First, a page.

I like dogs; I don't dislike cats (I think cats can be cute, furry, and lovable; I just think that far too many cat owners are hideously irresponsible). I do not let my dog chase cats -- the cats around here are either "outside" cats (see parenthetic comment above) or feral, and the latter have managed to avoid being eaten by the neighborhood coyotes, so they are not typical tabbies. I've also seen dogs that have been injured by cats, and cats that have been mauled or killed by dogs.

tnjrp
2011-Nov-10, 04:56 AM
Standard poodles are large dogs. And they can be very agressiveIndeed the only dog that has actually bit me with a purpose to injure was a standard poodle. It was only a "warning shot" tho so I still have all the fingers on my left hand.

Nicolas
2011-Nov-10, 10:02 AM
Indeed the only dog that has actually bit me with a purpose to injure was a standard poodle. It was only a "warning shot" tho so I still have all the fingers on my left hand.

It's in a jar, on the cupboard. ;)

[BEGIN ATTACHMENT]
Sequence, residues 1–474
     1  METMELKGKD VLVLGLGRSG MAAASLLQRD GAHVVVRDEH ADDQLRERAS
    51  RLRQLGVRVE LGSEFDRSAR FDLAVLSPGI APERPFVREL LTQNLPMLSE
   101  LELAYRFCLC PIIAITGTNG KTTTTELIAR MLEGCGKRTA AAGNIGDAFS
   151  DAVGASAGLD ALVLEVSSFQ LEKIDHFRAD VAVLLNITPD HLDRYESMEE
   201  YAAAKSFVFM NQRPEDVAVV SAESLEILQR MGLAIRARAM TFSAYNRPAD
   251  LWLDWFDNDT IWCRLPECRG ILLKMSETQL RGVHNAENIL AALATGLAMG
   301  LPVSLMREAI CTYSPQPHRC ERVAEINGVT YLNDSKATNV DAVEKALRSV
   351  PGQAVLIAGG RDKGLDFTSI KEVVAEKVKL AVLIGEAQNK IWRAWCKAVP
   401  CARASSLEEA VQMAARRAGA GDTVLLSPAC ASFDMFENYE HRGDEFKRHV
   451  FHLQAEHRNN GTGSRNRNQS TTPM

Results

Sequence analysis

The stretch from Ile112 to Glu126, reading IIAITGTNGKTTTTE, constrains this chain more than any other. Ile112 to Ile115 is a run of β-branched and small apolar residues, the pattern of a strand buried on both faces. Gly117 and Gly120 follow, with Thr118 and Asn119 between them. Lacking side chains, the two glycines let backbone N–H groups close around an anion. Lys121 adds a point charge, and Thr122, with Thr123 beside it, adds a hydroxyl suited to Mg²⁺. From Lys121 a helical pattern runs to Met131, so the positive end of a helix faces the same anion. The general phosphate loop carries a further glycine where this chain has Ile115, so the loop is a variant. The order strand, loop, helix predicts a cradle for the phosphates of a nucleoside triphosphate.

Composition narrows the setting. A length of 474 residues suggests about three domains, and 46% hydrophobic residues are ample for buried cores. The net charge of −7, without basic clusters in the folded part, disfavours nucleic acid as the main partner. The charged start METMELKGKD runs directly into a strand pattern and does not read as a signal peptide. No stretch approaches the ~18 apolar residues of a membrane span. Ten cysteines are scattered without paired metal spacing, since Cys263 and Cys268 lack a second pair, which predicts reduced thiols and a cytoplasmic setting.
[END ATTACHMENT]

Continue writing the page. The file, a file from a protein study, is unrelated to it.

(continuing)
We have a red cocker. Here's hoping that he doesn't have the rage syndrome, but at 12 weeks old that's not relevant anyway. He's a cuty. A cocker, so you can't raise him like you would raise a labrador, but still a cuty. :)

parallaxicality
2011-Nov-10, 04:26 PM
We had a springer once. It bit another dog's eye out. I've never trusted small dogs since then.

swampyankee
2011-Nov-11, 02:46 AM
Springers aren't small; they're probably about 40 pounds: bigger than my American cocker. My generic level of trust for large dogs tends to be roughly nil, even though I'm fairly good at reading doggy body language, because it's not unknown for some breeds to, ahem, lie: akitas have been known to attack out of a play bow. This isn't to say small or medium sized dogs can't do damage -- a lone dingo could seriously injure an unarmed adult human -- but the damage would accumulate much faster when from a 150 pound great dane (which have been known to kill cattle).

As I've said before: dogs, especially small dogs, are much quicker than some people seem to realize. As I said, my parents' last dog was able to cover 5 feet before the neighbor's cat could turn around.

Moose
2011-Nov-11, 02:58 AM
Heh. My young cousin's chihuahua got a little protective some years back. First thing I saw was this massive gaping maw coming right at me. Had it not been a warning shot, I would surely have been bludgeoned to death by a pair of 600lb (each) tonsils.

Little weasel then hops off my cousin's knee and onto mine, in a "Hey, it wasn't personal. We still cool?" sort of way.

tnjrp
2011-Nov-11, 06:06 AM